Behold “My Mom is an Alien”, which contains dark, milk, and white chocolate ice cream and is studded with (I think) malted milk balls. I think I need to try this. For like… research purposes. To see if my kids are correct or not, you know.

Fears (and also 1 exciting thing)

While organizing my room a bit over the (all-too-short-and-nearly-over-now) summer vacation, I stumbled across a list of fears I wrote just weeks before coming to Korea. [Writing down your fears, including the irrational and improbable ones, can truly be calming.]

Here is what I wrote:

What if…

  • E2 visa application isn’t done on time?
  • Flight trouble?
  • Lost in [Incheon] airport?
  • Sick during [EPIK teachers’] orientation?
  • Lesson presentation [during orientation] flops?
  • EPIK sends me home?
  • Assigned school is horrible?
  • Coteacher hates me/is mean?
  • Can’t find (insert important place here)?
  • Make no friends and spend an awful lonely year?

Fear is such a weird and normal part of being human.

Coming to Korea was probably definitely the scariest thing I’ve ever done. But it’s so easy now to forget the deep, stomach-knotting fear that sometimes overwhelmed me prior to arriving. I think it’s good to be reminded of your past fears sometimes, because it gives perspective and shows that like 98% of the things we fear never happen, and the stuff that does happen, we can usually overcome.

So, of course, basically none of the fears on my list were realized. (I did get lost though. Legit lost. On my first night. So that fear came to be, but hey, I didn’t die… unless you count dying of embarrassment. hehe)

Currently I’m facing the mild but imminent fear of starting Semester 2 on Tuesday – more dread, really, but I suppose dread is a type of fear. With 4 days to go, I still have no idea what my schedule is or where my classroom will be. Of course. (Praying that they’ll allow me to keep my English room even though there’s semi-noisy construction going on 2 floors below in the cafeteria. I so do not want to share classrooms with other teachers.)

Then there’s the much broader but much vaguer fear of my life direction next year and beyond… but that’s still far away enough to comfortably push to the side.

So for now, my most pressing fear will remain facing a classroom of highly unenthused, overheated, mentally-checked-out teenagers.

And I guess if that’s my biggest fear at the moment, I should be grateful.

P.S. Totally the opposite of fears, but this is way too exciting not to mention:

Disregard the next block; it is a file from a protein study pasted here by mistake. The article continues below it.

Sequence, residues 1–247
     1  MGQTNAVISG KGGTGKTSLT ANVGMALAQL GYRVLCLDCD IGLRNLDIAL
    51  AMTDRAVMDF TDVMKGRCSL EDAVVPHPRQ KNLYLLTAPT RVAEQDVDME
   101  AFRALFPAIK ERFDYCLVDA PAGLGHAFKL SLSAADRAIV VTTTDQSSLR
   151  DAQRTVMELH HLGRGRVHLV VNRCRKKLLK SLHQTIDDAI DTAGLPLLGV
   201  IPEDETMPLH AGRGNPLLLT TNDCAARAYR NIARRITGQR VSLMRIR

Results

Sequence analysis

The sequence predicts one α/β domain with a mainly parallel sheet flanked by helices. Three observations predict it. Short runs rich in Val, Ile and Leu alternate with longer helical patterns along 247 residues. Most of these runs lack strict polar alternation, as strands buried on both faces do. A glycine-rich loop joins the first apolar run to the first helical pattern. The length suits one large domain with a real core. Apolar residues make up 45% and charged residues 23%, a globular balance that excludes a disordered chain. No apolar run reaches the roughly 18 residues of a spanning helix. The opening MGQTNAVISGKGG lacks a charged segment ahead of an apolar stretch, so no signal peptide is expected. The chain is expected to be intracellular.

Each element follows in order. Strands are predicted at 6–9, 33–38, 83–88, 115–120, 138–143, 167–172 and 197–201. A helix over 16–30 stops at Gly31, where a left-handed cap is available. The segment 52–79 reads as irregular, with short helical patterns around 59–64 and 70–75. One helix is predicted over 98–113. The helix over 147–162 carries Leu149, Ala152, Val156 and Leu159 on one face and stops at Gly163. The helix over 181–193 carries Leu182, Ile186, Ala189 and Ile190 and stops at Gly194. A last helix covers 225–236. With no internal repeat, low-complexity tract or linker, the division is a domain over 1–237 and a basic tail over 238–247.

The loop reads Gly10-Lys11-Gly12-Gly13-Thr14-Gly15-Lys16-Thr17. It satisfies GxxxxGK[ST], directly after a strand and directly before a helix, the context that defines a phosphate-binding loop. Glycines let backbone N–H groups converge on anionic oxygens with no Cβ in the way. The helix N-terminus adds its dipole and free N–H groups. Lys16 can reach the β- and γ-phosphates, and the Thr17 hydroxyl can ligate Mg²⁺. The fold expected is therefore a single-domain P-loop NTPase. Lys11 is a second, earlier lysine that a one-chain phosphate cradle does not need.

I had to come into the office today because I’d run out of vacation days and there’s just this one random Friday stuck between vacation, Korean Independence Day (this Monday), and the start of school – but to my complete delight, while I was gone the tech guy came in and installed a BRAND SPANKING NEW computer, complete with new widescreen monitor (I have never seen a widescreen monitor in this school, much less a computer less than 3 years old), new keyboard which I love because it makes satisfying typing sounds, new mouse and new mouse pad.

It is lightning fast.

It doesn’t freeze and crash when I use the “Save As” feature.

It doesn’t take a million years to load a browser page or download something (in fact, it takes less than a second).

The screen is so wide I can multitask with two documents or windows open side by side.

IT HAS WINDOWS 8. Like, WHAT? I didn’t think school computers existed in Korea that had anything newer than Windows XP. No joke. Plus the full Office 2013 suite. O…m…g.

Am I in public school heaven? What benevolent administrative fairy godperson bestowed this wondrous gift on me? I’LL LOVE YOU FOREVER, ADMINISTRATIVE FAIRY GODPERSON! I want to send you a box of donuts as a token of my eternal gratitude. Or a box of caffeine or a box of puppies or whatever floats your boat.

(seriously though is this a mistake? like did they confuse “foreign teacher’s office” with “Principal’s Office”?? is this coming out of my paycheck? i feel guilty. i’m the lowly foreign teacher. how am i worthy of this expensive technology? i don’t know if anyone else got new computers, but the one other teacher in my office hasn’t yet. *pledges to create fantastic and awe-inspiring powerpoints to show everyone this was definitely a worthwhile investment*)

(in case anyone is wondering, i’ll take this over a reliable supply of toilet paper, soap, and hot water in the bathrooms any day. heck i’ll take this over almost anything any day. my school relationship meter just skyrocketed to “warm & fuzzy.” i guess now we know the true way to my heart.)

(also kind of really wanting to buy a desktop computer for my home now because i so miss having one. laptops are just no match.)

(don’t worry, i won’t.)

(but i want to though.)